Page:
Professor Bainbridge is a prolific scholar. He has written over 75 law review articles which have appeared in such leading journals as Harvard Law Review, Virginia Law Review, Northwestern University Law Review, Cornell Law Review, Stanford Law Review, and Vanderbilt Law Review. His most recent books include: The New Corporate Governance in Theory and Practice (Oxford University Press, 2008); Securities Law-Insider Trading (2nd ed., 2007); Business Associations: Cases and Materials on Agency, Partnerships, and Corporations (6th ed., 2006) (with Klein and Ramseyer); Agency, Partnerships, and Limited Liability Entities: Cases and Materials on Unincorporated Business Associations (2nd ed., 2007) (with Klein and Ramseyer); Agency, Partnerships & LLCs (2004); Corporation Law and Economics (2002).

Professor Bainbridge currently serves on the American Bar Association's Committee on Corporate Laws and on the Editorial Advisory Board of the Journal of Markets and Morality.

Product Details

  • File Size: 631 KB
  • Print Length: 320 pages
  • Publisher: Oxford University Press (December 28, 2011)
  • Sold by: Amazon Digital Services, Inc.
  • Language: English
  • ASIN: B00AOLT344
  • Text-to-Speech: Enabled
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  • Amazon Best Sellers Rank: #942,837 Paid in Kindle Store (See Top 100 Paid in Kindle Store)
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11 of 13 people found the following review helpful
3.0 out of 5 stars Unconvincing February 11, 2012
Format:Hardcover|Verified Purchase
Prof. Bainbridge's book is a pleasure to read. As usual, he writes clearly and elegantly. And much can be learned about corporate governance in the U.S. But the reader should know that this book is mainly in the nature of a polemic, rather than a dispassionate analysis.

Prof. Bainbridge has long supported a director-centric, rather than a shareholder-centric, theory of the corporation. He reminds us that the Board of Directors has three functions (1) monitoring management (2) helping manage the corporation (3) relations with the outside world, including networking, finding resources, and so on. It is pretty clear that he thinks monitoring is a secondary role, subordinate to managing. Indeed, too intense monitoring constrains Directors' discretion, and hampers their ability to help manage the corporation. As a result, he thinks that independence of directors is over-rated, that the roles of CEO and Chairman of the Board can profitably be combined, and so on. Shareholder activism has no role in this model: Shareholders get to endorse the slate of directors that they are presented with, and collect dividends (if the Board feels like declaring them) and that's it.

It follows that Prof. Bainbridge finds that most of the corporate governance reforms in Sarbanes Oxley and in Dodd-Frank are wrong-headed and counter-productive -- "quack corporate governance". They are trying to beef up the monitoring function -- and it doesn't need beefing up.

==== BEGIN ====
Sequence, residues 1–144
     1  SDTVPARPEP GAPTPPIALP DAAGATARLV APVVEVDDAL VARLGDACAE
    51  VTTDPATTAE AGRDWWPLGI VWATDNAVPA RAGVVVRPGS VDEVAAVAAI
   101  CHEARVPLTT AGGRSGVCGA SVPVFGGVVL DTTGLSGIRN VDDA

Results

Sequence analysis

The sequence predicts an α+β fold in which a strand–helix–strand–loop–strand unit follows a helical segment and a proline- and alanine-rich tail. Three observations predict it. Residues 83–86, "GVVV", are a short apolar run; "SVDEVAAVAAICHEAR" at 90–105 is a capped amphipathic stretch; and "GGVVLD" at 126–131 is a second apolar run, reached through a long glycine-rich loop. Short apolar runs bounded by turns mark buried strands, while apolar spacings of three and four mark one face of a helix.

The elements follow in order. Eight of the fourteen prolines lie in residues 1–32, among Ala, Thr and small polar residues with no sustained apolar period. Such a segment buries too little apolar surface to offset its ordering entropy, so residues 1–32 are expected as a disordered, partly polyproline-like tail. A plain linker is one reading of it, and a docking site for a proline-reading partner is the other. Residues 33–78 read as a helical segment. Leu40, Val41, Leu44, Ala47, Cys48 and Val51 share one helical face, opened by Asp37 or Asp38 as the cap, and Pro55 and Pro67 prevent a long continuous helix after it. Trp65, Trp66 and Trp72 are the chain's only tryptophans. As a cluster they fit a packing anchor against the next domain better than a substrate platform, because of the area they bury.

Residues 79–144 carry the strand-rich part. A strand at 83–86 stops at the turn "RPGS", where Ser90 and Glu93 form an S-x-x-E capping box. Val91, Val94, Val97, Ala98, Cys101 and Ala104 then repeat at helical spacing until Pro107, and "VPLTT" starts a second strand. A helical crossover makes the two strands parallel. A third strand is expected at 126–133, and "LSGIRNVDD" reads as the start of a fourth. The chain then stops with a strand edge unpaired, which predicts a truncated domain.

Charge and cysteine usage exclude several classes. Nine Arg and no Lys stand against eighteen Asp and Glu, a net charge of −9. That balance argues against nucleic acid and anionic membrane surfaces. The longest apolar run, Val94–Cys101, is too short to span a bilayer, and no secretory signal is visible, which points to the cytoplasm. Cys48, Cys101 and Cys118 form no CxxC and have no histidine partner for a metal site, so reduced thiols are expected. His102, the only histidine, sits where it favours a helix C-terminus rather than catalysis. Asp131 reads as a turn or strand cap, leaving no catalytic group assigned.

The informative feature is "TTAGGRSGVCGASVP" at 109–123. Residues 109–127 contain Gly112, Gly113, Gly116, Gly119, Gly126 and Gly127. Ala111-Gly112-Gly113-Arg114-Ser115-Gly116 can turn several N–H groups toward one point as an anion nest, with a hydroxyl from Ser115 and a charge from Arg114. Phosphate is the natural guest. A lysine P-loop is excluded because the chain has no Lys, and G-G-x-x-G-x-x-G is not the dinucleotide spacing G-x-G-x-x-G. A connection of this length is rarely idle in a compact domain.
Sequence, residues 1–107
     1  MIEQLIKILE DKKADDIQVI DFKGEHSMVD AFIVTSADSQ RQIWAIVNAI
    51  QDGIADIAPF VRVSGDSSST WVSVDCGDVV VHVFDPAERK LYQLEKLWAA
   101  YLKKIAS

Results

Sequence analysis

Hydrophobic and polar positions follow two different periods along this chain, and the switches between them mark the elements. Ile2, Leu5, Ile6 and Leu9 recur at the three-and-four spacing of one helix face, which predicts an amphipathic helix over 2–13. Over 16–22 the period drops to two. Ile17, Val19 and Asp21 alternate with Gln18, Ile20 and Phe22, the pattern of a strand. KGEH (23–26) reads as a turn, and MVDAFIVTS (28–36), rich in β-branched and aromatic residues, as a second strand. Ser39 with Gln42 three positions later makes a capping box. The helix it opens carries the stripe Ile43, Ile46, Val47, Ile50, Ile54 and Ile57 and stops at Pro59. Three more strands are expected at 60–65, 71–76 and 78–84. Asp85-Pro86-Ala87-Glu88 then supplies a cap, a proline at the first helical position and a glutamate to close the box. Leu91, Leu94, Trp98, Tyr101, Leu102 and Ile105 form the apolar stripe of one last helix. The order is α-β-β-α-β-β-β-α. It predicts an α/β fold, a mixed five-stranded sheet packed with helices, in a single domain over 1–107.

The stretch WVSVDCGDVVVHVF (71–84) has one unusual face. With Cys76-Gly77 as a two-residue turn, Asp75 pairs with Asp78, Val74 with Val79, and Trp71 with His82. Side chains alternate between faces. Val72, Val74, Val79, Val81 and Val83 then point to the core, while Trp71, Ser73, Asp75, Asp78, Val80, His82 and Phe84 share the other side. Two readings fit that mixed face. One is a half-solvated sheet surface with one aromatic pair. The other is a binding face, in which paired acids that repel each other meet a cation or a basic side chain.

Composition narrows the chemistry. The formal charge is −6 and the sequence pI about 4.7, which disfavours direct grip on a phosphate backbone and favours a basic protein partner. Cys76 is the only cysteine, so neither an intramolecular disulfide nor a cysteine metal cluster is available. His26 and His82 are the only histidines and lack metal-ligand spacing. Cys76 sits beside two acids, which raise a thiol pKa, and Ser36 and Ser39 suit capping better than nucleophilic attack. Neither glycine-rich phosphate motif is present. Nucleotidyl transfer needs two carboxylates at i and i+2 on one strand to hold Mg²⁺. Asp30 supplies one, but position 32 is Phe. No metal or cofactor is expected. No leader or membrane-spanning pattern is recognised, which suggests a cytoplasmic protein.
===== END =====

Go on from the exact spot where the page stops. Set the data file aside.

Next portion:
Along the way, Prof. Bainbridge does refer to many empirical studies both supporting and opposing his position. But I think that he is overly kind when evaluating studies that support him, and overly harsh on opposing studies. Finally, he does not hesitate to make a big deal of anecdotes.
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More About the Author

Stephen Bainbridge is the William D. Warren Distinguished Professor of Law at UCLA, where he currently teaches Business Associations, Advanced Corporation Law and a seminar on corporate governance. In past years, he has also taught Corporate Finance, Securities Regulation, Mergers and Acquisitions, and Unincorporated Business Associations. Professor Bainbridge previously taught at the University of Illinois Law School (1988-1996). He has also taught at Harvard Law School as the Joseph Flom Visiting Professor of Law and Business (2000-2001), La Trobe University in Melbourne (2005 and 2007) and at Aoyama Gakuin University in Tokyo (1999).

In 2008, Bainbridge received the UCLA School of Law's Rutter Award for Excellence in Teaching. In 1990, the graduating class of the University of Illinois College of Law voted him "Professor of the Year."

Professor Bainbridge is a prolific scholar, whose work covers a variety of subjects, but with a strong emphasis on the law and economics of public corporations. He has written over 75 law review articles, which have appeared in such leading journals as the Harvard Law Review, the Virginia Law Review, the Northwestern University Law Review, the Cornell Law Review, the Stanford Law Review and the Vanderbilt Law Review. Bainbridge's most recent books include: The New Corporate Governance in Theory and Practice (2008); Securities Law-Insider Trading (2nd ed. 2007); Business Associations: Cases and Materials on Agency, Partnerships, and Corporations (6th ed. 2006) (with Klein and Ramseyer); Agency, Partnerships, and Limited Liability Entities: Cases and Materials on Unincorporated Business Associations (2nd ed. 2007) (with Klein and Ramseyer); Agency, Partnerships & LLCs (2004); Corporation Law and Economics (2002).

In 2008 and 2011, Professor Bainbridge was named by Directorship magazine to its list of the 100 most influential people in the field of corporate governance.